Sir Baker’s culinary advice, as we have seen in past blogs, ranged throughout a wide variety of topics – here, he expounds on the best way to prepare milk for ‘delicate patients.’ He is talking about his time in Eastern Sudan, where he and his wife travelled and lived about a year with both settled and nomadic groups in the area:
Baker, Samuel –The Nile Tributaries Of Abyssinia; And The Sword Of Hamran Arabs, 1867
Some persons dislike the milk of the camel; I think it is excellent to drink pure, but it does not answer in general use for mixing with coffee, with which it immediately curdles; it is extremely rich, and is considered by the Arabs to be more nourishing than that of the cow.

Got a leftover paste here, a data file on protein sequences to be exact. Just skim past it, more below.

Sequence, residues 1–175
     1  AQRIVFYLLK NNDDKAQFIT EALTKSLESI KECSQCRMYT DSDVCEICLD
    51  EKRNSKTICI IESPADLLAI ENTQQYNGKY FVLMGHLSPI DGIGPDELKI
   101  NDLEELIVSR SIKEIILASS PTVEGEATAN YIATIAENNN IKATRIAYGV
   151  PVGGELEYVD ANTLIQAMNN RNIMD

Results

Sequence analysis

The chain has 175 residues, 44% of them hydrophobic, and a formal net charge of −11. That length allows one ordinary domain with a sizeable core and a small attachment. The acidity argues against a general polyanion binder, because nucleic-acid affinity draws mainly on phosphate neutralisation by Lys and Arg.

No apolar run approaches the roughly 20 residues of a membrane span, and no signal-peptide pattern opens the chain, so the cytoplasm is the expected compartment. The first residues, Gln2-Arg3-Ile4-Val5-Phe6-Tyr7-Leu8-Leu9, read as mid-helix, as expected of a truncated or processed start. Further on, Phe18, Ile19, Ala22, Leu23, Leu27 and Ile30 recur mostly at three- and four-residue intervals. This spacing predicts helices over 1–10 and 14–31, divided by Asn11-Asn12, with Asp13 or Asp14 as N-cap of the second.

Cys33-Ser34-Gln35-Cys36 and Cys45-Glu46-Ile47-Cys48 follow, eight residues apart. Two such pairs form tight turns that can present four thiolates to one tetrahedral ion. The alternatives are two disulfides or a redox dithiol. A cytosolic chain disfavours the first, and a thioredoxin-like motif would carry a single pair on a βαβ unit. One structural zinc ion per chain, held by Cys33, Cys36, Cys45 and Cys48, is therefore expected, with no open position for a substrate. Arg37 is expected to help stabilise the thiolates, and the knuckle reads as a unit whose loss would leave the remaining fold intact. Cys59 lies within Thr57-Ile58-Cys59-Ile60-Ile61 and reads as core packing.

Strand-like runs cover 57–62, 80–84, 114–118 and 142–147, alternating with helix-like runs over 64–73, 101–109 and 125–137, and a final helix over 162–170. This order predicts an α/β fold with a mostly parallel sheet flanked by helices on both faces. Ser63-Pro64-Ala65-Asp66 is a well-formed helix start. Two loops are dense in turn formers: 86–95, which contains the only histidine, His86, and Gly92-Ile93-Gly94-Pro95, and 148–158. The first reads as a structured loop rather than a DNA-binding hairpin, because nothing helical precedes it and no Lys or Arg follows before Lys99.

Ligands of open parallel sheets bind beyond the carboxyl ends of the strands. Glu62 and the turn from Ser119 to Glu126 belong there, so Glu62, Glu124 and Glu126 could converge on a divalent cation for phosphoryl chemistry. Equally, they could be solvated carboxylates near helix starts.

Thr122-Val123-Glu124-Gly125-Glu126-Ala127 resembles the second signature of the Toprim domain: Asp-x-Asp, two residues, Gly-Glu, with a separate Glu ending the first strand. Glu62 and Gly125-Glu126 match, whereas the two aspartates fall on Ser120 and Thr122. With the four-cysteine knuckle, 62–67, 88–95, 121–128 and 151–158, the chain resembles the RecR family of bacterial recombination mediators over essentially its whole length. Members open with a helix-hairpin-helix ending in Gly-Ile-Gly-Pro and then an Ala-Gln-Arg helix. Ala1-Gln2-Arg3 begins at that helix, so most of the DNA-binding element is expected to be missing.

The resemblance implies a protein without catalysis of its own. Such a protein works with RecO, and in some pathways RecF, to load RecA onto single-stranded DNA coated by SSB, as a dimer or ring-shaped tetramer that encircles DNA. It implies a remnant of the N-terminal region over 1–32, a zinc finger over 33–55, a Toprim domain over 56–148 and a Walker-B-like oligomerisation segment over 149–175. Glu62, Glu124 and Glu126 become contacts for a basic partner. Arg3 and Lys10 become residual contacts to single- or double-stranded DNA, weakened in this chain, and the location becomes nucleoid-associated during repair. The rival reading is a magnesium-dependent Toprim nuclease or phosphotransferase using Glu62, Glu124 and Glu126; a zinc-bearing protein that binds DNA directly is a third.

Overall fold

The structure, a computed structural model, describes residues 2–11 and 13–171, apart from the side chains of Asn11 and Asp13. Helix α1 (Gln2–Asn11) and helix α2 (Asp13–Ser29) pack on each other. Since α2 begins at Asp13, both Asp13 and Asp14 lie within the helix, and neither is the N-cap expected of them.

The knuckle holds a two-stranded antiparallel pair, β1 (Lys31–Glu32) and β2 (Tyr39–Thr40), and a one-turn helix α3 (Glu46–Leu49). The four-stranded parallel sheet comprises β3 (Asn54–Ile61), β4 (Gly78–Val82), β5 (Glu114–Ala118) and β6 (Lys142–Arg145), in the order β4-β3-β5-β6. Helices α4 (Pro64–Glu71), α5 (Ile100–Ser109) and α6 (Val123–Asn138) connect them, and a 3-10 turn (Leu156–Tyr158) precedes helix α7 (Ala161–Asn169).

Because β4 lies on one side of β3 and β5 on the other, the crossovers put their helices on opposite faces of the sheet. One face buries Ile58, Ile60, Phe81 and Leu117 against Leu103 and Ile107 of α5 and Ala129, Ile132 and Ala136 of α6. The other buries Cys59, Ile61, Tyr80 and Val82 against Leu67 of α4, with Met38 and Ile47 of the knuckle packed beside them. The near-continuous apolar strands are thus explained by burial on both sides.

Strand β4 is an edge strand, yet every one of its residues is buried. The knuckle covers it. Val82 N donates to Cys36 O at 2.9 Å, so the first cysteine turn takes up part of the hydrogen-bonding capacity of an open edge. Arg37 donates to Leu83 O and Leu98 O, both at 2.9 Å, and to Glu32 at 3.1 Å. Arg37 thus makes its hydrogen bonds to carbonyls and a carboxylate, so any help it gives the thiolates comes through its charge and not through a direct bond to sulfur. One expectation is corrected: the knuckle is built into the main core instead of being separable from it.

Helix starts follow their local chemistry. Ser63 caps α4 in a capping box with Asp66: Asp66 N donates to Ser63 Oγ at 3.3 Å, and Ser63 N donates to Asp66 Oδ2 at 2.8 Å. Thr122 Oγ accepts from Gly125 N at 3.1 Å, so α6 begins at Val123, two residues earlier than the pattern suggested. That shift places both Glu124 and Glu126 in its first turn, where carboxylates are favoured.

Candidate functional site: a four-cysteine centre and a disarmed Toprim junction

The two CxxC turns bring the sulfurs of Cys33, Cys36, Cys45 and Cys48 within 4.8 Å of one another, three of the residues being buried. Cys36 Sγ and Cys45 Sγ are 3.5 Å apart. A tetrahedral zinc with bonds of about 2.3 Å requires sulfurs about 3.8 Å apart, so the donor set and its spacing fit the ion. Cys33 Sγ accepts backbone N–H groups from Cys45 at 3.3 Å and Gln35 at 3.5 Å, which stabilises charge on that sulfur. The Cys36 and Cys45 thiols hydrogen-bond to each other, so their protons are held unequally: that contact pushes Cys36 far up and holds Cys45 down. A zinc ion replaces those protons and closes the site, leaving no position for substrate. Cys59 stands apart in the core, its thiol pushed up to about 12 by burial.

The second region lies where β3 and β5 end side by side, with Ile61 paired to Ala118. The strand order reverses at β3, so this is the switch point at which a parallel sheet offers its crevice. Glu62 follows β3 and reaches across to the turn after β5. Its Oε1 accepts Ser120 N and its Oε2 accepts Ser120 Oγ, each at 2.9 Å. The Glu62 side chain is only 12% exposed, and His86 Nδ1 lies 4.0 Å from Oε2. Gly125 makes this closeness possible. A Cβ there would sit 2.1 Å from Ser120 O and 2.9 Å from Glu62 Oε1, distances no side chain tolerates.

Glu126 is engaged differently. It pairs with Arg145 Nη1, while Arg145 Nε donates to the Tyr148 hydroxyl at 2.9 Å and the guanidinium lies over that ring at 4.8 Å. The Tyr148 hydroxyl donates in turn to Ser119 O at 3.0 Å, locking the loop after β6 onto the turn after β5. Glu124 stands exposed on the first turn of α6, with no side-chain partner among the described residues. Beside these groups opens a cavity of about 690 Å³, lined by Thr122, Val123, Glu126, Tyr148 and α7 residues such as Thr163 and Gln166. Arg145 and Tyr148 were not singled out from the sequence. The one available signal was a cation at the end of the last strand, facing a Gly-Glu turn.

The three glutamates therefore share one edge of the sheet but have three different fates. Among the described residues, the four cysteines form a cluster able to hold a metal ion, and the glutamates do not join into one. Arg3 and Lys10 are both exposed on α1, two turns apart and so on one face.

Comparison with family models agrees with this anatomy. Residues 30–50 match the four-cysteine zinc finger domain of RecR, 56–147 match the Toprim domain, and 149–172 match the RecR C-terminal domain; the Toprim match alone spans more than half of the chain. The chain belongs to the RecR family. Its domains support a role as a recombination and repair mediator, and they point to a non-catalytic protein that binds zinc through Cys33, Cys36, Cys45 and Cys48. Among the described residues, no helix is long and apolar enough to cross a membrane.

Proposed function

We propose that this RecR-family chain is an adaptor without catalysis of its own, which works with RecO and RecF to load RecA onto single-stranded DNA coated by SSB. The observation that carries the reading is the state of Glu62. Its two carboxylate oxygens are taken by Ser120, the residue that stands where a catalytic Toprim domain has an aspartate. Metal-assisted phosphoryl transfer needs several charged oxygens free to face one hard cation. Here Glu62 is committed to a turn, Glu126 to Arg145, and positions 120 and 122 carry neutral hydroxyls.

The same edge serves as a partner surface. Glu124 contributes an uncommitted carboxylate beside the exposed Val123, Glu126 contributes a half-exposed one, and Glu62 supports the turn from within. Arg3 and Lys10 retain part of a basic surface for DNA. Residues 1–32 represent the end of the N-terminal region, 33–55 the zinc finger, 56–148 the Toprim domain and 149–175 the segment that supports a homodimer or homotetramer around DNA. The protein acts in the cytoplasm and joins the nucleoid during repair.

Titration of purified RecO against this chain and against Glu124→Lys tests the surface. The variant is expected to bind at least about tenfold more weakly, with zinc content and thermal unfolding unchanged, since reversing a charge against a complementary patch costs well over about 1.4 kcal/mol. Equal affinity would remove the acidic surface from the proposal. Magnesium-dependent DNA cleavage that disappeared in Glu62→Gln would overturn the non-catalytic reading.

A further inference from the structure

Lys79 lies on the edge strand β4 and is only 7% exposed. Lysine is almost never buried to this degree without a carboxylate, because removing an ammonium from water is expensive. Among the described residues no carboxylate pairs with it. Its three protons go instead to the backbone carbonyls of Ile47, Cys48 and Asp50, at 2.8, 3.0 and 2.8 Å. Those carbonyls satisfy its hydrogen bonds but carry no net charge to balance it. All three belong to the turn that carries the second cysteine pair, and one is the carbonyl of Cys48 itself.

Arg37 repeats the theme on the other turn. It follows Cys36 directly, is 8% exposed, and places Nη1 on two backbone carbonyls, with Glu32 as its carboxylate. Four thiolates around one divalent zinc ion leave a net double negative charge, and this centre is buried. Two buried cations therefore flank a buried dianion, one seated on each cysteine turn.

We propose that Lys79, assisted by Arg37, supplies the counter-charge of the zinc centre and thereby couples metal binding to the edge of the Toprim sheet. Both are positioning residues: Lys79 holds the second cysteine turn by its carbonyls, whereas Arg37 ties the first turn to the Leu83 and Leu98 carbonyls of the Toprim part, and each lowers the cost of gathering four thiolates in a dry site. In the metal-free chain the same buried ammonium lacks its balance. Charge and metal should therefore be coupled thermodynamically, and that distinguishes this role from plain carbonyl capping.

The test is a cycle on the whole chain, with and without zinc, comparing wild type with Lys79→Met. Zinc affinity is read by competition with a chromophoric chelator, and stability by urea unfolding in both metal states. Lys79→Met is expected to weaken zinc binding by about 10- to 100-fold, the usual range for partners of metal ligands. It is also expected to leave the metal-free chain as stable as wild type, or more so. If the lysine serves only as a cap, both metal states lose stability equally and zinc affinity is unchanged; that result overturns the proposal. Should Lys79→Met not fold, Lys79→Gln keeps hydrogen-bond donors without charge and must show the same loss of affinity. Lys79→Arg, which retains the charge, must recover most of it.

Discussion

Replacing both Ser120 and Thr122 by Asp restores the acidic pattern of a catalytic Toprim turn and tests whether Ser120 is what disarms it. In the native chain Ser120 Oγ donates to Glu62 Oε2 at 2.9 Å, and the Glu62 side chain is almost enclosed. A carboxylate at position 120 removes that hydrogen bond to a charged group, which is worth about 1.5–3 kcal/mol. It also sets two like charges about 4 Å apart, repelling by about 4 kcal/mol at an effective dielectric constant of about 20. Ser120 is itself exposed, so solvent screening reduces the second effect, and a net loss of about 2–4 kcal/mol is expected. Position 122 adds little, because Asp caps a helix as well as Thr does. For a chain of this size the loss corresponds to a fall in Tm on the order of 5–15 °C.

To persons of delicate health I should invariably recommend boiled milk in preference to plain; and should the digestion be so extremely weak that liquid milk disagrees with the stomach, they should allow it to become thick, similar to curds and whey: this should be then beaten together, with the admixture of a little salt and cayenne pepper; it then assumes the thickness of cream, and is very palatable.
The Arabs generally prepare it in this manner; it is not only considered to be more wholesome, but in its thickened state it is easier to carry upon a journey.
With an apology to European medical men, I would suggest that they should try the Arab system whenever they prescribe a milk diet for a delicate patient. The first operation of curdling, which is a severe trial to a weak stomach, is performed in hot climates by the atmosphere, as in temperate climates by the admixture of rennet, &c.; thus the most difficult work of the stomach is effected by a foreign agency, and it is spared the first act of its performance.
I have witnessed almost marvellous results from a milk diet given as now advised.